Assistant undersecretary for labor Humaid bin Dimas clarified that even if the construction industry were not subject to the emiratization quota, the
Labor Ministry would nevertheless recognize the companies’ initiatives to meet the two percent annual quota imposed on commercial companies with 50 or more workers. Hence, construction companies, which rely heavily on thousands of foreign laborers, have a chance to be upgraded from category B or C to category A if they meet the stipulated criteria, as well as the emiratization quota and diversification of culture requirements. This has prompted a number of companies to start diversifying the nationalities of their laborers to conform to the prescribed culture balance.
Visa violations by
The Ministry of Labor and Social Affairs allegedly found 579 cases of visa violations among foreign workers employed in various private companies during the first eight months of the year. Of this number, 287 were on visit visas, 122 on domestic worker visas and 170 on parental visas. The Labor Law requires foreigners who want to work in the private sector to first obtain the necessary work permit or labor card from the ministry.
Shelter for runway Filipino
Philippine labor attaché in Dubai Vicente Cabe confirmed that the consulate has provided shelter to more than 60 runaway Filipino domestic workers who were seeking protection from abusive employers. According to Cabe, 90 percent of the runaway domestic workers who have sought refuge at the consulate accused their employers of non-payment of wages while others complained of verbal abuse, ill treatment or sexual harassment. Cabe also expressed concern over the recent surge in the number of runaway domestic workers, which is putting a strain on the shelter’s capacity. Meanwhile, a group of overseas Filipino workers in the Philippines has asked Manila to file a formal protest and to review its diplomatic ties with the UAE in the light of increasing reports of abuses of Filipino domestic workers.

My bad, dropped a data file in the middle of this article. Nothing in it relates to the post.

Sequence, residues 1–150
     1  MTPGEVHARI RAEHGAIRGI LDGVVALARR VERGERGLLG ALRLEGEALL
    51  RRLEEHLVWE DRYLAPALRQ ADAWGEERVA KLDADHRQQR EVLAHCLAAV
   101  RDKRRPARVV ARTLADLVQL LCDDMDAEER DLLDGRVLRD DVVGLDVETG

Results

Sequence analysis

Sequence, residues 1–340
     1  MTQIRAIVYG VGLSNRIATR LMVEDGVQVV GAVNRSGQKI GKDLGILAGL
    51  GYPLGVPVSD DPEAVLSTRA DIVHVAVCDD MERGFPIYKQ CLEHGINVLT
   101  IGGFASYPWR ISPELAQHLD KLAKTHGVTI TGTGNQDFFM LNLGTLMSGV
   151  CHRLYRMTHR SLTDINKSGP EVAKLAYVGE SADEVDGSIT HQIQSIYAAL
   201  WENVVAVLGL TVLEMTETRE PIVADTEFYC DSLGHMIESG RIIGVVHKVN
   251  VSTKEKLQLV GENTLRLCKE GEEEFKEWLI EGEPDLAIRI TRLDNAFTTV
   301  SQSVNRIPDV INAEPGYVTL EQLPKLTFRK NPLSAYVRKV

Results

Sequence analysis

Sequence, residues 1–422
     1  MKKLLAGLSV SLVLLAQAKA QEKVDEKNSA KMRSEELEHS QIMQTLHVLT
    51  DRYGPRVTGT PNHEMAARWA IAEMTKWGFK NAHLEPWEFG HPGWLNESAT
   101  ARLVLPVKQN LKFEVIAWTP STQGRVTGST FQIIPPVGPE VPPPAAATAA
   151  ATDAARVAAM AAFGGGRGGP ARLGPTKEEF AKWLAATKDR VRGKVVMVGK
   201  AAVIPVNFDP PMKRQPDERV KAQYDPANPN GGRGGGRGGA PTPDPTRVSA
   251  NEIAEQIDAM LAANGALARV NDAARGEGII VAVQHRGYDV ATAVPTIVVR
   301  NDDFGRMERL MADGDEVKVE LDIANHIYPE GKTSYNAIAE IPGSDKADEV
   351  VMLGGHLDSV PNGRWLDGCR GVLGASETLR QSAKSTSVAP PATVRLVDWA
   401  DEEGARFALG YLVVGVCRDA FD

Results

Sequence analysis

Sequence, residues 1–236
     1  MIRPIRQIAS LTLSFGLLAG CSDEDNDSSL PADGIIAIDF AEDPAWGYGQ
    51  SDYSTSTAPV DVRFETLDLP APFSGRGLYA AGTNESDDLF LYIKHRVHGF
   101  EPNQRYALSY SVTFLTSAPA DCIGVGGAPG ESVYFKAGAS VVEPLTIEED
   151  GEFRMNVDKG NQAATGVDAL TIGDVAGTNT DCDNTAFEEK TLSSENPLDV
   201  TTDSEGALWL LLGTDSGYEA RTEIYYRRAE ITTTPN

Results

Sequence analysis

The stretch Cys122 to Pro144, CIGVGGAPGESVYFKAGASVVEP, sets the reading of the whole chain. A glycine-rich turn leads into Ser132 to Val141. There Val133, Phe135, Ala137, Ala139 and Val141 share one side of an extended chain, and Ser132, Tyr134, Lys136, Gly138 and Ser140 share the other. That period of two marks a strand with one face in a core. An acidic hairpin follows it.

Longer break for outdoor laborers
Last June, the Cabinet passed a resolution allowing a longer mid-day break, from 12:30 pm to 4:30 pm, for all outdoor laborers during the summer months of July and August. Workers who are denied this entitlement are encouraged to complain to the ministry.
Buraimi students seek clarification
Many expatriate students, mostly from India and Pakistan , who live in the neighboring Omani town of Buraimi , come to Al Ain daily to attend school without having to present travel documents. However, last June the Abu Dhabi police sent a circular to the Al Ain schools saying that the federal law requires these students to secure permits to enter the UAE. A few days before the start of classes this year, there were rumors that the circular has been withdrawn. Parents have been inquiring on the status of the directive; so far, authorities have not communicated further with the schools. According to the Indian Embassy in Abu Dhabi , about 750 Indian students would be affected by the circular.
One-stop shop for immigration transactions
The Abu Dhabi Naturalization and Residency Department is ready to set up a one-stop Special Services Office to speed up processing of all immigration and naturalization transactions. The one-stop shop, to be operated by qualified personnel using the latest technology, is intended to enhance UAE’s image as a “modern, red tape-free” country.